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Antitrust laws do not provide answer to reforming BCS
Published August 23, 2010
Disgruntled colleges and sports fans have been complaining about the Bowl Championship Series for years. It dictates the only path to a national championship and the spoils that go with it. And a very narrow path it is, heavily favoring the traditional football powers of the Big Ten, Big East, Pac-10, SEC, ACC and Big 12 as well as Notre Dame.
For everyone else, it provides, at best, a long shot at one of the premier BCS bowls, and far more likely, a spot in one of the countless secondary bowls that continue to sprout up across the country.
The call for change has gotten even stronger since President Obama weighed in. Congressional hearings have been held. Bills have been introduced. Even the Department of Justice has vowed to take action.
The U.S. antitrust laws are at the center of this storm. Surely, the Football Bowl Subdivision elite cannot continue to perpetuate their football dominance through such an exclusionary arrangement. At least, that is the reasoning of those arguing for reform. Unfortunately, the antitrust laws do not provide the necessary fix so many are seeking — not without ignoring how the BCS originated and where college football would be without it.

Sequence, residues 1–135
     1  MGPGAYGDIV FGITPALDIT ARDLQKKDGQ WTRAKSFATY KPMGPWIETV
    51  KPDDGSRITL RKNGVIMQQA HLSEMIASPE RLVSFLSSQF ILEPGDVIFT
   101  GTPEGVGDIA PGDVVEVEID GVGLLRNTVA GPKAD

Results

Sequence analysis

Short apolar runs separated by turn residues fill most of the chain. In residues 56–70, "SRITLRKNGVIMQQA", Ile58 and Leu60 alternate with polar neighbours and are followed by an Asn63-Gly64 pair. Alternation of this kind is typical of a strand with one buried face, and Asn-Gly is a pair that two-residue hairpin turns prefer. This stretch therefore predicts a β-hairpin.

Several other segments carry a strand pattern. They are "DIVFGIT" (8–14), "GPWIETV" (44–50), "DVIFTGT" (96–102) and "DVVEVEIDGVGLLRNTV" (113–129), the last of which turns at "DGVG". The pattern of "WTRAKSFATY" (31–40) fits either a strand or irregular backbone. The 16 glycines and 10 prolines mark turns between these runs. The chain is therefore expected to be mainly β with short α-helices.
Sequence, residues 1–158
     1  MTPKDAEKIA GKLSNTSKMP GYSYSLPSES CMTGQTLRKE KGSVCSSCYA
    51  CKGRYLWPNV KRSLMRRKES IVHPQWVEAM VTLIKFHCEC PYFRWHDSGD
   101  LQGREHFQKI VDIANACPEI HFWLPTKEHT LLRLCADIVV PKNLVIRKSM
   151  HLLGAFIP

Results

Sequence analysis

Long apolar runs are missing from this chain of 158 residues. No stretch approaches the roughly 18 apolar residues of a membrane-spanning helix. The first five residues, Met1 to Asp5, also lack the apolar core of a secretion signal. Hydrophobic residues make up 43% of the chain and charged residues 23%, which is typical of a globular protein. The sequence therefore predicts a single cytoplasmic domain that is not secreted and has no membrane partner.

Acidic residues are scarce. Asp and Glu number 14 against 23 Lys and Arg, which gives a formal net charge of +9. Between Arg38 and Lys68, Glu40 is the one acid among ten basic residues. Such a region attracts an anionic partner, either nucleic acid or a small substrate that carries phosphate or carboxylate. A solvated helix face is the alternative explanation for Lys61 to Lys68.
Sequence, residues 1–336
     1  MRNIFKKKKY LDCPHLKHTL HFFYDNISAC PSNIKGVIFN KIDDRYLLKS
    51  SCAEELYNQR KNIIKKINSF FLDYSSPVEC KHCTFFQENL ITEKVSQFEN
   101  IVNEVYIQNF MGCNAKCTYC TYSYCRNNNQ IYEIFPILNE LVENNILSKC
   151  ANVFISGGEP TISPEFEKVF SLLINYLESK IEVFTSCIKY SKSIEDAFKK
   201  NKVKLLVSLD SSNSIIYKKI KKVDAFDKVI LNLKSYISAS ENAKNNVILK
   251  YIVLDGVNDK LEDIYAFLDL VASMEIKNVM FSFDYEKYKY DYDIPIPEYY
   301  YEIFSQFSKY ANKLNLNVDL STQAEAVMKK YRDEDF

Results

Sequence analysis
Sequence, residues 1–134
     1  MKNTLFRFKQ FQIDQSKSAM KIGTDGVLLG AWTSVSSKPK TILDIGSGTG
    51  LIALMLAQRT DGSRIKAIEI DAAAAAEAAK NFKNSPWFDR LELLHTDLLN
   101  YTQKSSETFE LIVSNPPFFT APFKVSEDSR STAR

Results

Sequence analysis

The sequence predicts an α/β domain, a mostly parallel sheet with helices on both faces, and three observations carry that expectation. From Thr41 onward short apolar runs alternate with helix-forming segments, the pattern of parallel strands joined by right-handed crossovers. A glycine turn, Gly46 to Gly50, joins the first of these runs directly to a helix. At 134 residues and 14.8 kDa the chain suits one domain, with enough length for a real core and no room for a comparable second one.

Unlike most college sports, there has never been a playoff system for Division I-A football. The postseason has always been a jumble of stand-alone bowl contests. Originally, these matchups were predetermined by specific bowl/conference affiliations that rarely pitted the nation’s top teams against each other. The BCS was formed to end this scattershot system of postseason play. It brought within its fold the six FBS power conferences and their historically affiliated bowls: Rose, Orange, Sugar and Fiesta. The champion of each of these conferences, and Notre Dame (if ranked high enough), qualifies automatically for one of these choice bowls. The two top-ranked teams play for the national championship.